The court also found that the affidavit for the bank clearly stated that the bank had been in possession of the original promissory note, and the affidavit was sufficient for the trial court to have held that the affiant had personal knowledge. Lastly, the court found that nothing suggested that voided endorsements affected the bank’s status as a holder, and thus it did not create an issue of fact and that the bank acquired an equitable interest in the mortgage when it became a holder of the note, regardless of whether the mortgage was actually or validly assigned or delivered.


The Rand Corporation has posted Flood Insurance in New York City Following Hurricane Sandy. The report has a chapter on affordability issues that is worth a read, particularly as the de Blasio Administration undertakes its ambitious affordable housing plan. The report notes that

many New Yorkers will face substantially higher flood insurance premiums moving forward. Many more structures will be in areas considered high-risk than in the past, and premiums for many structures already in high-risk areas will be based on considerably higher flood levels.

*     *    *

These substantial premium increases will reduce the disposable income or wealth (or both) of many households and may well be unaffordable for some. In the absence of intervention, the consequences may be foreclosures, turnover, and hardship for some of New York City’s more-vulnerable citizens.(63)

The book goes on to review a variety of approaches “for addressing the affordability issue.” (67) It reviews “tax credits, grants, and vouchers that could be applied toward the cost of flood insurance.” (63) It also notes that such interventions distort “the price signal that incentives property owners to invest in risk-mitigation measures in order to reduce premiums.” (67) It considers proposals to deal with such distortion, such as a means-tested voucher program that is coupled “with a requirement that mitigation measures be taken that make sense for the property.” (67) The book only scratches the surface of this topic, noting that more “information is needed to address the advantages and disadvantages of alternative strategies for addressing affordability.” (68)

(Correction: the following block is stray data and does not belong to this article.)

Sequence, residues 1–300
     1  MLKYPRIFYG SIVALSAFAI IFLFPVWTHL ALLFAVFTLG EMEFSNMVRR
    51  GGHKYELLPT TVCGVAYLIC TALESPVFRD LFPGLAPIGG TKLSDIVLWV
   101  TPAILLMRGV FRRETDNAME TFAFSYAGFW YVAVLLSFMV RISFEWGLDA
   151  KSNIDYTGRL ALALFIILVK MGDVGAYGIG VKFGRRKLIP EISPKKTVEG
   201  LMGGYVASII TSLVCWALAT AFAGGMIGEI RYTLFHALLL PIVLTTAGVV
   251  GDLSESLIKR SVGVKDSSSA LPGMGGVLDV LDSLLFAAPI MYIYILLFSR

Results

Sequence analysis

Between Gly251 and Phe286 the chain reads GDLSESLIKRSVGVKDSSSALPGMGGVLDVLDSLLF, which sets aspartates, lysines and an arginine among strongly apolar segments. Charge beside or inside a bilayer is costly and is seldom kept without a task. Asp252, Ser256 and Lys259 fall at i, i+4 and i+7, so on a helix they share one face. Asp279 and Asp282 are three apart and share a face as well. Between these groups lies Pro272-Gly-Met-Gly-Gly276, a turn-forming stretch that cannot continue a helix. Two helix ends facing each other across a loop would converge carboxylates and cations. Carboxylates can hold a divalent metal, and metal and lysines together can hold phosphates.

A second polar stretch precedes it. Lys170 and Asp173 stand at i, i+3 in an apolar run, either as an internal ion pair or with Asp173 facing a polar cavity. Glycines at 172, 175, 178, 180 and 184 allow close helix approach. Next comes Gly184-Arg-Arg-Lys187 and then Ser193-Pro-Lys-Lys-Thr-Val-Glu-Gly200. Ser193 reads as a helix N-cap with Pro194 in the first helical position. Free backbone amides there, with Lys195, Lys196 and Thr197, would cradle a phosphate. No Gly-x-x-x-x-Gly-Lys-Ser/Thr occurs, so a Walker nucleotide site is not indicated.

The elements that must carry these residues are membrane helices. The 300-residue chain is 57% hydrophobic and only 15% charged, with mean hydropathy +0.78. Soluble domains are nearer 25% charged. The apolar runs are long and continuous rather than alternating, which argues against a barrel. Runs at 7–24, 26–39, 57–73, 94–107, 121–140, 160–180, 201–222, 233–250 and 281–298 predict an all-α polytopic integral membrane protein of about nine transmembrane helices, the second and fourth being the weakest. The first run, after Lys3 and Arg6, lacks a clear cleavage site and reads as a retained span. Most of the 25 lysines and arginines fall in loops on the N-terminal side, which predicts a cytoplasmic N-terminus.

As the de Blasio Administration considers the preservation portion of its affordable housing agenda, one could imagine that a concerted effort to incentivize risk mitigation while also promoting affordability could be a significant component of the final plan. Solutions could range from deferred payment, due on sale or refinance of a home, to outright subsidies as outlined by the Rand report. Whatever the ultimate solution is, the problem should be incorporated into the City’s planning now.


The court in deciding Mortgage Elec. Registration Sys. v. Ditto, 2014 Tenn. App. (Tenn. Ct. App., 2014) affirmed the judgment of the lower court.

This appeal involved the purchase of property at a tax sale. MERS filed suit against purchaser to invalidate his purchase of property because it had not received notice of the sale even though it was listed as a beneficiary or nominee on the deed of trust.

Purchaser claimed that MERS was not entitled to notice because MERS did not have an interest in the property. Purchaser also alleged that MERS failed to properly commence its lawsuit because it did not remit the proper funds pursuant to Tennessee Code Annotated section 67-5-2504(c).

The trial court refused to set aside the tax sale, holding that the applicable notice requirements were met and that the purchaser was the holder of legal title to the property. MERS appealed the lower court’s decision, however this court affirmed the decision of the lower court.

Since appellant was never given an independent interest in the property, and it did not suffer an injury by the sale of the property at issue, and the only injury suffered by appellant related to the future effect the case could have on its business model, which was not a distinct and palpable injury capable of being redressed by the court, the trial court’s grant of the purchaser’s motion for judgment on the pleadings was properly granted as appellant did not have standing to file suit to set aside the tax sale of the property for lack of notice under Tenn. Code Ann. § 67-5-2502(c) and the Due Process Clause of the Fourteenth Amendment.

The court found that the failure to tender the appropriate funds when filing the petition to set aside the sale under Tenn. Code Ann. § 67-5-2504(c) was not a prerequisite for relief.


The court in deciding Champion v. Bank of Am., N.A., 2014 U.S. Dist. 78 (E.D.N.C., 2014) dismissed the plaintiff’s FDCPA and RESPA claims.

Plaintiff initiated this action asserting claims for violations of the Fair Debt Collection Practices Act (“FDCPA”), the Real Estate Settlement Procedures Act (“RESPA”), and North Carolina statutory and common law. In response, the moving defendants filed the instant motion to dismiss pursuant to Federal Rule of Civil Procedure 12(b)(6).

The court first considered plaintiff’s federal claims. The movants’ primary arguments for dismissal of this claim was that plaintiff had failed to sufficiently allege that BANA was a debt collector under the FDCPA. The court agreed with this argument.

Plaintiff’s other federal claim was asserted under RESPA. Plaintiff alleged that defendants collectively violated that act ” through numerous assignments and transfers of the note and deed of trust without having given the proper notice to plaintiff within the proper time frame,” and “by failing to inform Plaintiff of any transfers of the loan servicing of her loan.”

However, the court agreed with the movants that plaintiff had failed to allege any damages flowing from the purported failure to be notified of the change in the entity servicing her mortgage. Accordingly the court dismissed the plaintiff’s remaining claims.